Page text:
Latte stated that he was induced to make an offer by the broker, who told the buyers that it was a good business and the machines make a lot of money. Latte was under the impression that the broker was representing Dressel. Latte stated that he was never allowed to examine the books of the business and he and Leuders never forced the issue because Dressel seemed like an honest person. He also stated that he did not understand what he was signing at the closing, and signed on the advice of his attorney.
Ivan acknowledged that his agreement was with the seller, who paid him a commission on the sale. He denied that the seller ever represented that the slot machines were an integral part of the business. According to Ivan, he wrote the inventory list and explained to Latte and Leuders that some of the machines, i.e., the jukebox, the cigarette machine, the slot machines, were owned by other companies and the buyers could elect to renew the contracts or not, but they were not part of the inventory. Ivan admitted that he never suggested that the buyers review the financial records of the business.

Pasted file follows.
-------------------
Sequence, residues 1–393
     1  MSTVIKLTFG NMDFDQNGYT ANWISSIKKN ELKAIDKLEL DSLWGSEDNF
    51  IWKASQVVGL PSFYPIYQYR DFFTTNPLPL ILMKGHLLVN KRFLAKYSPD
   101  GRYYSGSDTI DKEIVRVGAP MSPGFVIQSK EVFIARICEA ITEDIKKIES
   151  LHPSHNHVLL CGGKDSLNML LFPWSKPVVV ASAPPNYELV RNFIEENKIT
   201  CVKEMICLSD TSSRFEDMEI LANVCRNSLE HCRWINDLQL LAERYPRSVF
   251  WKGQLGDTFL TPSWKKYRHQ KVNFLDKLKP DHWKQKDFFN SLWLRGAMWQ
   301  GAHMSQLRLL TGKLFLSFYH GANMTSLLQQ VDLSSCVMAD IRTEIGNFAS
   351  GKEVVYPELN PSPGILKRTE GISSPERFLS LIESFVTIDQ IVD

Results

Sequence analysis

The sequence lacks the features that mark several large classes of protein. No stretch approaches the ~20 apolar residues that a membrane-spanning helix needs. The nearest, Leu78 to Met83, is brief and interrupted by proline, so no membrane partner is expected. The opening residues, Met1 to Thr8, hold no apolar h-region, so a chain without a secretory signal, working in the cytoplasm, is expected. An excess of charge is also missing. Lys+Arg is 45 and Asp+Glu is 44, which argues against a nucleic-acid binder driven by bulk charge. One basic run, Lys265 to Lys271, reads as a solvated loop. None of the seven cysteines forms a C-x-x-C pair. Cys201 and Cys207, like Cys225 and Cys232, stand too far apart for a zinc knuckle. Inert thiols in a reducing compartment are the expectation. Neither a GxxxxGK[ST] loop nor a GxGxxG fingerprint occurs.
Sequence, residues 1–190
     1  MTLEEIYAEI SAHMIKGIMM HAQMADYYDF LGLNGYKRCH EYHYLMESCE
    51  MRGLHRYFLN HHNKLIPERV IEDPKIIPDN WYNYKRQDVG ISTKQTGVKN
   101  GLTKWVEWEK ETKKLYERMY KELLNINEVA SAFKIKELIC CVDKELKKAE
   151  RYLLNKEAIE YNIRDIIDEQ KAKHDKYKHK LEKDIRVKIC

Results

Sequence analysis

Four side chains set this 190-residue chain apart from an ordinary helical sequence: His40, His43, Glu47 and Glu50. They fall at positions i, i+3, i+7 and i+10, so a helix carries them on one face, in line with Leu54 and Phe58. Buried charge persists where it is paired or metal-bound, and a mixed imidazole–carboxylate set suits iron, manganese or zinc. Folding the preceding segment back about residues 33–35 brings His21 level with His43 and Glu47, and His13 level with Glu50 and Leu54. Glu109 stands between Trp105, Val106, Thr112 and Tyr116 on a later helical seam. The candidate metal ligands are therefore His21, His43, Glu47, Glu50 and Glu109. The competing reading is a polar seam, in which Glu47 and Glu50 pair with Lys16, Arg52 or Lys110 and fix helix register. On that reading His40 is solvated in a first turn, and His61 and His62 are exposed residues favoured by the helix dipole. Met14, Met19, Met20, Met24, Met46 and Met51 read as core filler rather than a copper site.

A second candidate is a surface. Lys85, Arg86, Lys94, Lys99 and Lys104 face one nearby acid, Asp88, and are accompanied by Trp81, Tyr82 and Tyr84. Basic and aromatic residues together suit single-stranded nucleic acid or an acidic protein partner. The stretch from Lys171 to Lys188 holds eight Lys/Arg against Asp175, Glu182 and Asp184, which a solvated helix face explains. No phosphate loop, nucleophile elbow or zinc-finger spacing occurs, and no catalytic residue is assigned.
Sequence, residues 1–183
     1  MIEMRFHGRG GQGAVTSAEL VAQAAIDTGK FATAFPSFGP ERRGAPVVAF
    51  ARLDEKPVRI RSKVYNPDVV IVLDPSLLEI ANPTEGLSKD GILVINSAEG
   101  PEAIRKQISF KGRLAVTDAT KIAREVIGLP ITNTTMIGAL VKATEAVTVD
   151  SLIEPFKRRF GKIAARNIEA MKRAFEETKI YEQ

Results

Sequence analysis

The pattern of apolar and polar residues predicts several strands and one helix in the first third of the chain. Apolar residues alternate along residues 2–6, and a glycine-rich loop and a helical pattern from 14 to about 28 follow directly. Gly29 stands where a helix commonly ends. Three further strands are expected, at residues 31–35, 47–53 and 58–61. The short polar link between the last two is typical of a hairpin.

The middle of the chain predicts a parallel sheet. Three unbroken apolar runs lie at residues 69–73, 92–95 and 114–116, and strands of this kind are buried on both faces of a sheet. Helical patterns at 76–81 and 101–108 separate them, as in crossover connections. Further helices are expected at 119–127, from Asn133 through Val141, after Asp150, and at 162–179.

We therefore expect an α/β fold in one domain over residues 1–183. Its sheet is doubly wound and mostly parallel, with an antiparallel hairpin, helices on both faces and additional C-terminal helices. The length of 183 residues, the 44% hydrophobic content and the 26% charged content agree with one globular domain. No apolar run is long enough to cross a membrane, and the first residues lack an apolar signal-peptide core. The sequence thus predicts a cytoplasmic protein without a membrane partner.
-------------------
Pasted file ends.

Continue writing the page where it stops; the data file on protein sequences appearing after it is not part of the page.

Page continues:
In Dressel's deposition, he acknowledged having the “video game machines” in his bar. He initially denied that he gave cash in exchange for the tickets generated by the machines when customers won, but ultimately, on the advice of his attorney, declined to answer questions about whether the bar ever gave out cash to customers. Dressel stated that he received a percentage of the money that went into the machines, but declined, on Fifth Amendment grounds, to state whether the money was reported as income. Dressel recalled telling the buyers that the video game machines were a source of revenue for the business, but could not recall stating an exact amount of monthly revenue. In addition, Dressel denied telling the buyers that he did not have daily financial records for the company; he explained that what he told them was that this was an asset sale, not a sale of records, and thus did not involve the business' good will and profitability. Dressel claimed that after the closing he discarded all of his records from the business.